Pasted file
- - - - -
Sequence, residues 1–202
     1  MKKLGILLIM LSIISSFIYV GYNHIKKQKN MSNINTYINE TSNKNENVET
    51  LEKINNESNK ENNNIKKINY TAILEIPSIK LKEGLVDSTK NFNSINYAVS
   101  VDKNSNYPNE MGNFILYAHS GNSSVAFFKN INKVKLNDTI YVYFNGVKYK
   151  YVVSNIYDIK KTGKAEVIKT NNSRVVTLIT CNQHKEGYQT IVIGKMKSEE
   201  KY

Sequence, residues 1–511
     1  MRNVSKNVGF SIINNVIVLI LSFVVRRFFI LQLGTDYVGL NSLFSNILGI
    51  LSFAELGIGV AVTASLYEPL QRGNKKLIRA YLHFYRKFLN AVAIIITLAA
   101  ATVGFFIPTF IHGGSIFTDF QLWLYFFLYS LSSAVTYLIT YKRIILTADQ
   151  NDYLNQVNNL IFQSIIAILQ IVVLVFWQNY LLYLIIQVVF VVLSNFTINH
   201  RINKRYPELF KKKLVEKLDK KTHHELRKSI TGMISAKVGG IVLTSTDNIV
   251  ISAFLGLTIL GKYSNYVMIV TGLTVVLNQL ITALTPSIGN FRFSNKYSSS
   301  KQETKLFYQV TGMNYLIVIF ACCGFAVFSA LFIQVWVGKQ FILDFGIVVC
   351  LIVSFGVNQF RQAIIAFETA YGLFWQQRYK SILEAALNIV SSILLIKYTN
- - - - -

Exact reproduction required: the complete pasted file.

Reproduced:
Sequence, residues 1–202
     1  MKKLGILLIM LSIISSFIYV GYNHIKKQKN MSNINTYINE TSNKNENVET
    51  LEKINNESNK ENNNIKKINY TAILEIPSIK LKEGLVDSTK NFNSINYAVS
   101  VDKNSNYPNE MGNFILYAHS GNSSVAFFKN INKVKLNDTI YVYFNGVKYK
   151  YVVSNIYDIK KTGKAEVIKT NNSRVVTLIT CNQHKEGYQT IVIGKMKSEE
   201  KY

Sequence, residues 1–511
     1  MRNVSKNVGF SIINNVIVLI LSFVVRRFFI LQLGTDYVGL NSLFSNILGI
    51  LSFAELGIGV AVTASLYEPL QRGNKKLIRA YLHFYRKFLN AVAIIITLAA
   101  ATVGFFIPTF IHGGSIFTDF QLWLYFFLYS LSSAVTYLIT YKRIILTADQ
   151  NDYLNQVNNL IFQSIIAILQ IVVLVFWQNY LLYLIIQVVF VVLSNFTINH
   201  RINKRYPELF KKKLVEKLDK KTHHELRKSI TGMISAKVGG IVLTSTDNIV
   251  ISAFLGLTIL GKYSNYVMIV TGLTVVLNQL ITALTPSIGN FRFSNKYSSS
   301  KQETKLFYQV TGMNYLIVIF ACCGFAVFSA LFIQVWVGKQ FILDFGIVVC
   351  LIVSFGVNQF RQAIIAFETA YGLFWQQRYK SILEAALNIV SSILLIKYTN